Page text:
Exceptionally Normal. Benthall Hall, an English country house with so much more...
In Britain the term 'a country house' means more than just a house in the country. It typically refers to the seat of a wealthy or aristocratic family who has often owned the same house for hundreds of years. These houses have come in and out of fashion and have sometimes even lain empty for years narrowly surviving demolition and collapse and Benthall Hall is no exception.
In 1934 Benthall Hall's future looked very uncertain. Demolition was probably going to be its fate until descendant Mary Clementina stepped in and bought the house for £6,000, a week before auction. She set about restoring Benthall and in 1958 gifted it to the National Trust on the condition that she and any successor could live in the house. Today Benthall Hall is stunning example of an English country house and garden.
When you visit a house like this, you are really taking a journey back through time. For me, this is an amazing trip, and what excites me the most about a house like Benthall is that it feels surprisingly homely. The rooms are not huge like other country houses and there's a relaxedness... a comfort gained from a house that's been lived in
What is striking about your arrival at Benthall is just how natural and simple the area surrounding the house is. There's a lane lined with oak trees, grasses and wild flowers leading up to the estate. Fields, hedgerows and meadows slowly turn into gardens, lawns and gravel paths.
One of the first buildings you come across is the former Church Of St Bartholomew that sits in a meadow style garden in front of the Hall. Rebuilt in 1667 after the original was destroyed by fire during the Civil War, the porch and stair turret were added in the 1890s and the sundial was restored in 1961. The mix of materials, the stone steps, the beautiful combination of styles, everything down to the hinges on the door are inspiring and add to this magical pocket of Englishness that we English draw on when we think back to a time and an England that, in reality, probably never was.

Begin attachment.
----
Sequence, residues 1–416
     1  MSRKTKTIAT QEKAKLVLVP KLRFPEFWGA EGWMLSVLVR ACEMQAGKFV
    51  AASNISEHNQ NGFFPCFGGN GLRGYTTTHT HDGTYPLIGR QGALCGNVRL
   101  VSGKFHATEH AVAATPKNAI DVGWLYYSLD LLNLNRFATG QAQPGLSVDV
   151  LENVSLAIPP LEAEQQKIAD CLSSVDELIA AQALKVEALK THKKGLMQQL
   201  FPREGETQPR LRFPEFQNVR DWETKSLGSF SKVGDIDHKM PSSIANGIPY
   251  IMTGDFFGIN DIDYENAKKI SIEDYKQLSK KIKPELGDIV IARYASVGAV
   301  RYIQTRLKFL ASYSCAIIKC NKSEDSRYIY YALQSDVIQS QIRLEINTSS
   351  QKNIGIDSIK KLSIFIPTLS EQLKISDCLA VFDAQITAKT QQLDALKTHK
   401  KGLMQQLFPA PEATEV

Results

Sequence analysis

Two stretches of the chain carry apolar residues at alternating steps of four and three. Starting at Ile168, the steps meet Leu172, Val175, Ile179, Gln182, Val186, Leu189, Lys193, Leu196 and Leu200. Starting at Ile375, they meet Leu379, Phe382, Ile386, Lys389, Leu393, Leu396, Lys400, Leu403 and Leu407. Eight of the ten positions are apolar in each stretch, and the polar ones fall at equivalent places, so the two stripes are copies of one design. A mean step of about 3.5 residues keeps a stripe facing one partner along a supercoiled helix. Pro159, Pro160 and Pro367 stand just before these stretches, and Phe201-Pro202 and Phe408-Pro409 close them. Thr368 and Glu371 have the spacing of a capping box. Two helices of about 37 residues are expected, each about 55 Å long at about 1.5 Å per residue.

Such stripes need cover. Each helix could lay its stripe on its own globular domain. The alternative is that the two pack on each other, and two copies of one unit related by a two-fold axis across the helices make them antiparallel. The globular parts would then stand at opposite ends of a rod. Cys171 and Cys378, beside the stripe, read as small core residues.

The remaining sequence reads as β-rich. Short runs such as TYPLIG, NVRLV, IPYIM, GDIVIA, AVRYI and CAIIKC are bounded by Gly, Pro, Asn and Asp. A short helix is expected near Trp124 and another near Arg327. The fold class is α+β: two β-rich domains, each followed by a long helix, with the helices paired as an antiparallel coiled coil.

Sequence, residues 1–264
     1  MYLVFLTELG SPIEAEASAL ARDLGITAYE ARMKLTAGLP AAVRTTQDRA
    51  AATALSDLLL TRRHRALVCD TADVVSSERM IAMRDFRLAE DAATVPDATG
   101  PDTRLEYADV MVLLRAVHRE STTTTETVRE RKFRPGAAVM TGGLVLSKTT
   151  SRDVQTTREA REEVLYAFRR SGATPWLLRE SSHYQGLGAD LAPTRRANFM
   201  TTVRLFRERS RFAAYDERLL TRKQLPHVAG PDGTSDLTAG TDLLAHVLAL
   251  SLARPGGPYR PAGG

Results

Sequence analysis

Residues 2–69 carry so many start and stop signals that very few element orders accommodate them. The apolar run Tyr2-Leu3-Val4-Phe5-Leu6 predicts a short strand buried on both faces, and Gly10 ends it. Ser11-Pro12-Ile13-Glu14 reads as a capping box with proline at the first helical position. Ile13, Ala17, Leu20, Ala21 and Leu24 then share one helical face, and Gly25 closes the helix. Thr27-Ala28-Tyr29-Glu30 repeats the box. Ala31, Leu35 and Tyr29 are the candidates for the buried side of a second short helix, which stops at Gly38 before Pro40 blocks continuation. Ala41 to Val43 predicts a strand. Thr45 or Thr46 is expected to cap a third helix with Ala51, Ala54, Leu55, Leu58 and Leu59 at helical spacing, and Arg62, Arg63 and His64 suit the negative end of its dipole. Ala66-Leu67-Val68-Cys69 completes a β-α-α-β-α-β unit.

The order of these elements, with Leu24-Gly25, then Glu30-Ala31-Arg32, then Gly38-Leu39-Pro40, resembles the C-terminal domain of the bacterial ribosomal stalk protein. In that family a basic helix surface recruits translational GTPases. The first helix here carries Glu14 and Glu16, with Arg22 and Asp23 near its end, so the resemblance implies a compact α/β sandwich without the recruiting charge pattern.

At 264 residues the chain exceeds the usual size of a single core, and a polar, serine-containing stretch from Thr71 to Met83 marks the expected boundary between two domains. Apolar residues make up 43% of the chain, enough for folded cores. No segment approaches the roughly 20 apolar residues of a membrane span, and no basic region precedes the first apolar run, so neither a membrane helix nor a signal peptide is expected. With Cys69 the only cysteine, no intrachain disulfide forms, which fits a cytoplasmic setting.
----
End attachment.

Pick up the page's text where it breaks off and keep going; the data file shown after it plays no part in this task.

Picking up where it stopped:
As you walk around the church, you see glimpses of the Hall through the gardens and trees. And then you find yourself standing in front of Benthall Hall. It's a stunningly beautiful, quirkily asymmetrical, yet perfectly proportioned house, surrounded by lawns, clipped topiary, gravel paths, lush gardens and mature trees, all overlooking endless fields and meadows. You couldn't possibly dream of a more tranquil setting.
When I was a child I remember my grandfather looking out over the town where I grew up and saying he remembered when all this used to be fields. In a strange way, when it comes to Benthall, this is possibly the reverse. In 1709 Abraham Darby pioneered the smelting of iron with coke in Coalbrookdale, which is just over a mile away from Benthall. In fact, standing high above the river Severn, Benthall Hall overlooks what has been described as 'the birthplace of the Industrial Revolution' and is also a stone's throw away from the world's first iron bridge. This area couldn't have been more different then, than it is today.